The First Thing People Notice About You

The first thing people notice about you is how you're breathing.

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As an actor enters the stage, the first thing an audience senses is how the actor is breathing.  Before they've spoken, the breath - as indicated by the motion of the body - tells us what to expect. As pack animals, another person's breathing pattern carries a wealth of information. 

Most simply, another person's breathing pattern signals:

  1. Danger and insecurity 
  2. That everything's fine
  3. Abundance and excitement

Despite your mind's best efforts to conceal your emotions, your breath reveals everything about how you're feeling. Think through few recent situations:

  • The frantic co-worker who's racing to get something done - the staccato, intermittent gasps.
  • The unreadable colleague who holds their breath - is their chest / belly even moving?
  • The calm assertive boss who's inviting and grounded - a natural, elegant presence.

Biologically, we hold our breath to hide from predators, to avoid detection.  When attacked, our breath quickens, we suck in more air, put our hands up and fight. With a perspective that 'we will get to the right answer,' breathing is completely natural, and nourishing. Watch an electric group of individuals interacting, and you'll see then breathing naturally, and in sync with their emotions and feelings.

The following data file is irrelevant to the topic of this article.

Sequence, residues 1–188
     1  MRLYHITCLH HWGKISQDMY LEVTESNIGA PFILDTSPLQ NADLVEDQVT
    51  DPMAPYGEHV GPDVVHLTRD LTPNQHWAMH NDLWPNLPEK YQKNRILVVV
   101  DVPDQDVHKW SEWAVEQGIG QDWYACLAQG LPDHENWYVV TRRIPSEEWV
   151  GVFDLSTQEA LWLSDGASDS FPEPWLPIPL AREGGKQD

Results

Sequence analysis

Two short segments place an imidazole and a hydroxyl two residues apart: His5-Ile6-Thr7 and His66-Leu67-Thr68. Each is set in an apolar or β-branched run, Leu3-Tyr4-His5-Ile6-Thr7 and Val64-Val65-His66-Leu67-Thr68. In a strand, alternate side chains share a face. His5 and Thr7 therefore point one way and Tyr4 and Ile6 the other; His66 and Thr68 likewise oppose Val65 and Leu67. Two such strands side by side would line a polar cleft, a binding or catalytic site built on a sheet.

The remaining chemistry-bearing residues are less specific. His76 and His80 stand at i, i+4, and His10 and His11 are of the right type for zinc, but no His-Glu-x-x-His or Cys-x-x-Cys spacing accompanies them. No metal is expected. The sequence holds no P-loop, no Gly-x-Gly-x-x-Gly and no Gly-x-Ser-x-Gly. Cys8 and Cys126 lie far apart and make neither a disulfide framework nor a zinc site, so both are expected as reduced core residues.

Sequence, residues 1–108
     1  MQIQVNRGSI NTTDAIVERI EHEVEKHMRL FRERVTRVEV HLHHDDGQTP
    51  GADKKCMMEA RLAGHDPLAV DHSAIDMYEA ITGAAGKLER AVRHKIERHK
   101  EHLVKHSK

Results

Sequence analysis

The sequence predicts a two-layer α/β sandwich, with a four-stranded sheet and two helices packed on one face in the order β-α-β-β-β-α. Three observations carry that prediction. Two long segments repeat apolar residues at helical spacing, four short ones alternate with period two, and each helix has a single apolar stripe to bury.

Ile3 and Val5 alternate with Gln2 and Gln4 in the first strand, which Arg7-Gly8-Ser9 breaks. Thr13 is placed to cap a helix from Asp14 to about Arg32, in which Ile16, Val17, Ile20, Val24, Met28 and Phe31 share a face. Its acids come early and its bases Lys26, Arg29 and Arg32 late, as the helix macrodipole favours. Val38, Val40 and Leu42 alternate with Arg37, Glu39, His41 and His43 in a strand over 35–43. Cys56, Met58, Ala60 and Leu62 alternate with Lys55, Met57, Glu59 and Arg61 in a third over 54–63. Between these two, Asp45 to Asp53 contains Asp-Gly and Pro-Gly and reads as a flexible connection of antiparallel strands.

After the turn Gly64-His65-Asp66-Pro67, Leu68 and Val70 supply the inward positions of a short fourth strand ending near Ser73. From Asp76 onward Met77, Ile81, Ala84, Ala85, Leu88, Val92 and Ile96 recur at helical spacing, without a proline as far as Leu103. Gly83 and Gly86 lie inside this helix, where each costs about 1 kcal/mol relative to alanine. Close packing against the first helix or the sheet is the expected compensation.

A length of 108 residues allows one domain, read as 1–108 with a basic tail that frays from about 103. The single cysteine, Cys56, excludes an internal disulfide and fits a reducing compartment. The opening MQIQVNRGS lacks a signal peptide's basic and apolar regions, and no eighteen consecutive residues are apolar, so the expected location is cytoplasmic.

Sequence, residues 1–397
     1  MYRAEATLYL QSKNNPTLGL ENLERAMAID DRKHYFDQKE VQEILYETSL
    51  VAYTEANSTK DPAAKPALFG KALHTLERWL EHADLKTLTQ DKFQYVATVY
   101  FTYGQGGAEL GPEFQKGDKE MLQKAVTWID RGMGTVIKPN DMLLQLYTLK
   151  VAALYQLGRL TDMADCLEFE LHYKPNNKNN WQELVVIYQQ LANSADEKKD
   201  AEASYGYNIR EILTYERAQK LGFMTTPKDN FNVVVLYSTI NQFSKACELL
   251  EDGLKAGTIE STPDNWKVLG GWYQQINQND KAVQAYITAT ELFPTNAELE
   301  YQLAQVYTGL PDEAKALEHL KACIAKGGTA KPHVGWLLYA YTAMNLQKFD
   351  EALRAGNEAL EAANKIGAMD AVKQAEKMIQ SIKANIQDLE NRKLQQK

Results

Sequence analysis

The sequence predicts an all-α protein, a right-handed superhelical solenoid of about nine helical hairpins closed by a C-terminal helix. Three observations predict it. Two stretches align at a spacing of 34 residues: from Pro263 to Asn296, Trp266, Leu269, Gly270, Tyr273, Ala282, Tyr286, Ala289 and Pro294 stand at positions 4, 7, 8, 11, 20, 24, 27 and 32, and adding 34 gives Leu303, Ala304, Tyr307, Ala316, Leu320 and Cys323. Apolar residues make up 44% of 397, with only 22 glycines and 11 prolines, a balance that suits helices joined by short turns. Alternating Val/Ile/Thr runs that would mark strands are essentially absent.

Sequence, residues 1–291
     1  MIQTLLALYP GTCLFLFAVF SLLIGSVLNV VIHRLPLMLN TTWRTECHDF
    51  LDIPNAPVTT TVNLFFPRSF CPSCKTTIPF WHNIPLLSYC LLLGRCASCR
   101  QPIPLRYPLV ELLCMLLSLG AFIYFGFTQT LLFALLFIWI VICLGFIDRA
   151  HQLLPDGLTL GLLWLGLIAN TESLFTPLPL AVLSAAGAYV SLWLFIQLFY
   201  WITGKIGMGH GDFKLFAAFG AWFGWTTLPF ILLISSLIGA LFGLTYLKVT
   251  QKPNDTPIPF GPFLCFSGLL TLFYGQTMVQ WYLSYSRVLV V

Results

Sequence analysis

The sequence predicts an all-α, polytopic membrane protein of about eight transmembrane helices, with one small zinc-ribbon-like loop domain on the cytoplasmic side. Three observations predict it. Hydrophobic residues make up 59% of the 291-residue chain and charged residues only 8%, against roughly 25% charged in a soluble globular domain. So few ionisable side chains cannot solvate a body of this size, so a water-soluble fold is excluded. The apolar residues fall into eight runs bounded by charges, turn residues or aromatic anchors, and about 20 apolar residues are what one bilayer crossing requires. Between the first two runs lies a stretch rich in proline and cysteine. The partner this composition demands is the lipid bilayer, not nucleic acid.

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How do you present?  What alters your breathing pattern?  Here are a few ways to heighten your awareness:

  1. When walking down the street, ask yourself "how am I breathing" - this is a great moment to study yourself as it's something you usually put no thought into, and there's usually no one around you.
  2. Take note of what quickens your breath (chest contracts, and you pull more air in), when are you holding your breath (usually when feeling intimidated), how are you breathing when in the presence of your most relaxing friend.

As a coach, I often work with clients over the phone.  While I can't see them, I can hear the rhythm of their voice, the calm-intentional pauses or lack thereof, and I can sense where they are.  Practice observing yourself and watching others.  And if you find yourself holding your breath, or often hyper-breathing, realize your human and you're getting information about what situations are creating fear and stress in you.  By consciously accepting whatever is throwing you off balance, you can begin to choose a different reaction, and observe your breathing to know where you are.